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Hospital board talks building projects

Slides displaying plans and progress on building projects at Charleston Area Medical Center show how patient care will continue to improve, said Dale Wood, chief quality officer.

Wood, who made the presentation on Wednesday morning during the regular meeting of the CAMC Board of Trustees, discussed how the process will affect patients, visitors, parking and staff.

“It’s like a bunch of dominoes to make things happen,” he said.

While officials were already aware of the projects, Wood quickly went through a series of slides to update the board.

Construction at Memorial means losing parking spaces while large equipment is situated in the area through February of 2015. Additional staff will be on hand to guide people safely away from the construction zone. While parking near the work area will be lost for safety reasons, additional parking will be opened near the Heart and Vascular Center. Property purchased near Aladdin’s Restaurant on Chesterfield Avenue will be available for staff parking with a shuttle service provided. Construction at Memorial will be done in stages with three new levels adding 109,830 square feet of space and 48 additional patient beds, including 16 for critical care and 32 for general medical care. There will also be space for adding another 48 beds when authorization and funding make that possible.

As CAMC continues to expand and offer additional services, temporary inconveniences will be compensated in terms of better patient care, he said.

The new CAMC Cancer Center is moving along as expected.

“We are on budget and on schedule,” he said. “We plan to see patients in May.”

David Ramsey, president and chief executive officer, said he was surprised with the building progress he saw on a recent tour of the Cancer Center.

University of Charleston President Ed Welch, who heads the quality committee, said advance directives and living wills become a challenge for hospital officials when family does not agree with a patient’s wishes. However, the written decision of the patient must prevail in these instances, he said.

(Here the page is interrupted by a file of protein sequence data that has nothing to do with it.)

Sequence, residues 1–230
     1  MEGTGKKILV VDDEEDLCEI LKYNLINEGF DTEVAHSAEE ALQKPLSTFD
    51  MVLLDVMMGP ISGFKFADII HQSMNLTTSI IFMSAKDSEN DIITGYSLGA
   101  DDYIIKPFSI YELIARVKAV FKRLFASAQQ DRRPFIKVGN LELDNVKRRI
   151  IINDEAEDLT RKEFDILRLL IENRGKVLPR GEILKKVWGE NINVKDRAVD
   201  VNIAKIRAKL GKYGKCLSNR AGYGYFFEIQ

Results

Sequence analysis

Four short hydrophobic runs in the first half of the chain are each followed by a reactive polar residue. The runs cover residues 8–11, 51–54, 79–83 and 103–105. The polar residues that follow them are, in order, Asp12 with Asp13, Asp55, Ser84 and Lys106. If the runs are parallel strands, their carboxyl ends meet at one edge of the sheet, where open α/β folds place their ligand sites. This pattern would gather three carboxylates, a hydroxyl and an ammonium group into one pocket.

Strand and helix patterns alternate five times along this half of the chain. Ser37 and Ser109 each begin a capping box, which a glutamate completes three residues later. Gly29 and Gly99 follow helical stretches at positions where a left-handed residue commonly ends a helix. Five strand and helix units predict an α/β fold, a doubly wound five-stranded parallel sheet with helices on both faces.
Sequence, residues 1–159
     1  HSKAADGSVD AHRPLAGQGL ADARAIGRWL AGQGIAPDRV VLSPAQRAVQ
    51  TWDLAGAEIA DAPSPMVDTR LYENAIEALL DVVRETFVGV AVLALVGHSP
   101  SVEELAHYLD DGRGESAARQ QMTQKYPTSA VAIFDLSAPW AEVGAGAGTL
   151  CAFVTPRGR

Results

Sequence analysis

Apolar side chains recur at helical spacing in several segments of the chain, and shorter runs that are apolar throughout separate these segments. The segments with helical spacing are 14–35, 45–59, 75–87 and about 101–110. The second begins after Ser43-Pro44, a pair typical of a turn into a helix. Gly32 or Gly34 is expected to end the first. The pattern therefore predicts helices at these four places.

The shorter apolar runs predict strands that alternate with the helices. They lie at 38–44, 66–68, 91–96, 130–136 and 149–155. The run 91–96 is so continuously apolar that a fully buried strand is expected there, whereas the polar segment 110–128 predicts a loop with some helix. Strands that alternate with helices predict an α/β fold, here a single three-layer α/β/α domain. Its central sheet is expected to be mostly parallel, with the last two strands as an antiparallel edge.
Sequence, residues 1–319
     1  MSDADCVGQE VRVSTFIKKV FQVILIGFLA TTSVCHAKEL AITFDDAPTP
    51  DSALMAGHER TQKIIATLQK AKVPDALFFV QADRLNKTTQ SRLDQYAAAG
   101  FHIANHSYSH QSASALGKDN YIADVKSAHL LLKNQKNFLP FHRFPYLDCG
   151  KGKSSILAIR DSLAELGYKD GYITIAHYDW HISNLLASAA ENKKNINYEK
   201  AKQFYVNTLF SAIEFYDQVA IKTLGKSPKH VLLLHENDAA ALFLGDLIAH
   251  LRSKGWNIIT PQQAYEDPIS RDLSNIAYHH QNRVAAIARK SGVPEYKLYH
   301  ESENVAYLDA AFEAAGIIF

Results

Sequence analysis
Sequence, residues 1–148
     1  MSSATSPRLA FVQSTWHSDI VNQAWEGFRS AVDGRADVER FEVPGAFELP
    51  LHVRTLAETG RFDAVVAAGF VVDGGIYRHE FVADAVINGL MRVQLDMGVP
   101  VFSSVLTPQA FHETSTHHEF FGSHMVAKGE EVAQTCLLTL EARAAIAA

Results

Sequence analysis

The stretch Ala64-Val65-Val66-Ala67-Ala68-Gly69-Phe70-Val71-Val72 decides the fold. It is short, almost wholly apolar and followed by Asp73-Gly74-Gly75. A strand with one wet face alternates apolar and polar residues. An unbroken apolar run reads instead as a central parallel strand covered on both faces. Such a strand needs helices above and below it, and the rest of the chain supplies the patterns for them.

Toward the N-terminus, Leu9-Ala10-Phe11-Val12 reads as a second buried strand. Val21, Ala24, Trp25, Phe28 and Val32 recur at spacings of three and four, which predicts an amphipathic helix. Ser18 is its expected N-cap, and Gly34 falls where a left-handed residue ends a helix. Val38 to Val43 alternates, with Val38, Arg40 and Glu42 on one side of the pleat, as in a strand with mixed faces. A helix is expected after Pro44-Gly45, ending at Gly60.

“We continue to work on that touchy, personal issue,” he said.

He also suggested officials take a look at when a patient needs life prolonging therapy or palliative care. For example, it could be noted whether a patient was admitted through Hospice or traditional means in order to identify more quickly what kind of care may be needed.

He also mentioned a recent “miracle case” whereby a patient was admitted with numerous gunshot wounds, went home within a month, and continues therapy on an outpatient basis.

“It’s phenomenal what CAMC can do to assist people,” he said.

Larry Hudson, CAMC chief financial officer, said finances have improved for several reasons, including Medicaid revisions.

Gail Pitchford, CAMC foundation president, presented a strategic plan for continued fundraising. Last May, the foundation exceeded its $15 million fundraising goal for the new Cancer Center.

“With the Cancer Center under construction, donors who drive by can see that the money they give changes the delivery of health care in this community,” she said. “One object of the campaign was not just to raise money but to raise awareness of the CAMC Foundation. We acquired 2,000 new donors as a result of the campaign. We’ve acquired new donors and we’ve got to keep them.”

She called upon board members to make her aware of those who have influence in the community with talents for fundraising. The foundation is continuing to build its “grateful patients program.”

Patients who thank health officials for excellent care often make donations, she said. When patients receive care there is a box to mark if they do not wish to receive information from the foundation. Otherwise, materials may be sent to them so they are aware of opportunities to donate. The foundation may have access to names and addresses for mailings while medical information remains confidential.

Pitchford also praised the generosity of employees who gave more than $500,000 toward the new Cancer Center.

Ramsey said Pitchford’s leadership has been impressive.

“We are lucky to have Gail leading the foundation,” he said. “She does a remarkable job.”

Contact writer Charlotte Ferrell Smith at or 304-348-1246.

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